From the free city rooftop The Garden at 120 to the soaring IFS Cloud Cable Car, here are eight of the best viewpoints that most tourists wouldn’t know to visit.
Endlessly reproduced on postcards, t-shirts and mugs, the London skyline is an attraction in its own right. Covering 607 square miles and 2,000 years of history, with dozens of iconic landmarks, the city’s sprawl is mesmerising. And no visit is complete without scaling one of its many vantage points to admire it.
While attractions like the Shard and the London Eye offer fabulous perspectives, they’re always busy and ticket prices are steep. But with a little insider knowledge, you can save your pounds and bag your skyline photos without the crowds. From rooftop bars with magnificent views to lesser-known historical monuments to under-the-radar public spaces, here are eight of the best viewpoints that most tourists wouldn’t know to visit.
Everyone wants their holiday images to include a dramatic sunset or bluebird skies, but sadly the British climate doesn’t always oblige. Nevertheless, all these places offer memorable London vistas, whatever the weather.
1. Parliament Hill
London is mostly flat, but if you know where to look there are a few hills that provide natural (and free) vantage points offering city views with a side order of fresh air.
A good route is to get off the Tube at Hampstead station, walk through the park to the viewpoint and then down the other side to rejoin the Tube at Kentish Town.
One of the most central is Parliament Hill on Hampstead Heath – at 98m, this is one of London’s highest natural viewpoints. From here, on a clear day, you can sit on the park bench that featured in movies including Run Fatboy Run and Notes on a Scandal, and see all the way to St Paul’s Cathedral, the Houses of Parliament, the Gherkin and the Shard. As you admire the views, you’ll be in good company; Romantic poets including Coleridge, Shelley and Keats all spent time up here, too.
Formerly known as Traitor’s Hill, legend says the mound is where the 1605 Gunpowder Plot conspirators came to watch the planned explosion of Parliament (they failed, of course). The current name is thought to have been adopted during the 17th-Century Civil War when the hill became a defence post for troops loyal to Parliament. Today you’ll find only dog-walkers, joggers and nature-lovers who come to enjoy this little piece of countryside in the heart of London.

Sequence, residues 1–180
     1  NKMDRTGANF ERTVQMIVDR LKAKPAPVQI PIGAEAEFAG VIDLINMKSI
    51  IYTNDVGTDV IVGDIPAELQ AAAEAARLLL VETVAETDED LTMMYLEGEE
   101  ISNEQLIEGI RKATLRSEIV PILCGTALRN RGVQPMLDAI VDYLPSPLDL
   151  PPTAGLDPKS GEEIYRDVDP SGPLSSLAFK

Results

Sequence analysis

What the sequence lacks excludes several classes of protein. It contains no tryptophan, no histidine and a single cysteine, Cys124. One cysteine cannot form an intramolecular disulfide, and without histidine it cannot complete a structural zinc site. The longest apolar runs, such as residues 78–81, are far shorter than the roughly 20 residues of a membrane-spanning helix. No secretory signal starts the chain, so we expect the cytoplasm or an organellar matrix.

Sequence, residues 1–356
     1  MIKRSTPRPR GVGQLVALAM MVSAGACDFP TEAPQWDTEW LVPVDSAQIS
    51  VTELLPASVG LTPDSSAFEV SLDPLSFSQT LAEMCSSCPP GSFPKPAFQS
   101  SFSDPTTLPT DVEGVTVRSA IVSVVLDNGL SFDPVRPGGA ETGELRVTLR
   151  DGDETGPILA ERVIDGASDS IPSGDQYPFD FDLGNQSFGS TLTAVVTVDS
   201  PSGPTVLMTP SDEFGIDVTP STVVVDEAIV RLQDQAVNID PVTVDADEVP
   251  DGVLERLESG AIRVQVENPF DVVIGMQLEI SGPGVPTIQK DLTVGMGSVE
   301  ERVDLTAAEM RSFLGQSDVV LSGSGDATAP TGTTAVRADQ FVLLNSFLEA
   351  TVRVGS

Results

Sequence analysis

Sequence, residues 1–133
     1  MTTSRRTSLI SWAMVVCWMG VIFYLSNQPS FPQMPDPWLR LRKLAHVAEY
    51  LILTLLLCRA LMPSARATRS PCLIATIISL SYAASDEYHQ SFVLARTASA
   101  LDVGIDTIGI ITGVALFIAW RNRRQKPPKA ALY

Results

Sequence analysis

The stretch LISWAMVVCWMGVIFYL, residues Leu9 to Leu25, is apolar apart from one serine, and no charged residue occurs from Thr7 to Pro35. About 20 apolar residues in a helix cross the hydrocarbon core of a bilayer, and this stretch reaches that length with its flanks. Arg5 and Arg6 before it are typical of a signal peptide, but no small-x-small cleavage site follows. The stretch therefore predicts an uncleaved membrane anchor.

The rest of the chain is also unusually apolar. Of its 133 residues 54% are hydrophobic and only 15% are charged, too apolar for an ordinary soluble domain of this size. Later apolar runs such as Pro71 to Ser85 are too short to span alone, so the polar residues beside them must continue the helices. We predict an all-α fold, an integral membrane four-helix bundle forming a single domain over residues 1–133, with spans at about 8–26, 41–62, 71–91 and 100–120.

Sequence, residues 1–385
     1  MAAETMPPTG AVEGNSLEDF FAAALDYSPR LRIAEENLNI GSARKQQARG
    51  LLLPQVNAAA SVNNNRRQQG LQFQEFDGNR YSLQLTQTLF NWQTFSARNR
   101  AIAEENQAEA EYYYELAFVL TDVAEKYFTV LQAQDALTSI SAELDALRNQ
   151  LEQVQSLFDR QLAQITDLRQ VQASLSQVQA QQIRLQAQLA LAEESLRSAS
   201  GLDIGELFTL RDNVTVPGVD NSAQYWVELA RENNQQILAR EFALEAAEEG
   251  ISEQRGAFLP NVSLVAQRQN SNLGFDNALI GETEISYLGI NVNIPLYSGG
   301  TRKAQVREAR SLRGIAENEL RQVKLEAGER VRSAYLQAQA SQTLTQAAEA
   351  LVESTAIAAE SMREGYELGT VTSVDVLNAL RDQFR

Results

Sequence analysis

Entry fee: free
Address: Parliament Hill, Hampstead Heath, London, NW5 1QR
Phone number: + 44 (0) 20 7332 3322
2. The Garden Museum Tower
If you exit left out of Westminster station, battle your way over the bridge (dodging the hordes of selfie-taking tourists) and then turn right, past the view of Big Ben that’s ubiquitous on Instagram, and walk along the south side of the Thames, you’ll come to a medieval church.
Entry to the museum costs £16, but you can buy a tower-only ticket for just £4.
This small structure, with its irregular stone walls, arched windows and crenellated tower, is the old church of St-Mary-at-Lambeth. After falling into disrepair in the ’70s, it was scheduled for demolition until it was rescued and turned into the Garden Museum. The small exhibition space is dedicated to the British love of gardens in honour of 17th-Century gardener John Tradescant, who is buried in the churchyard.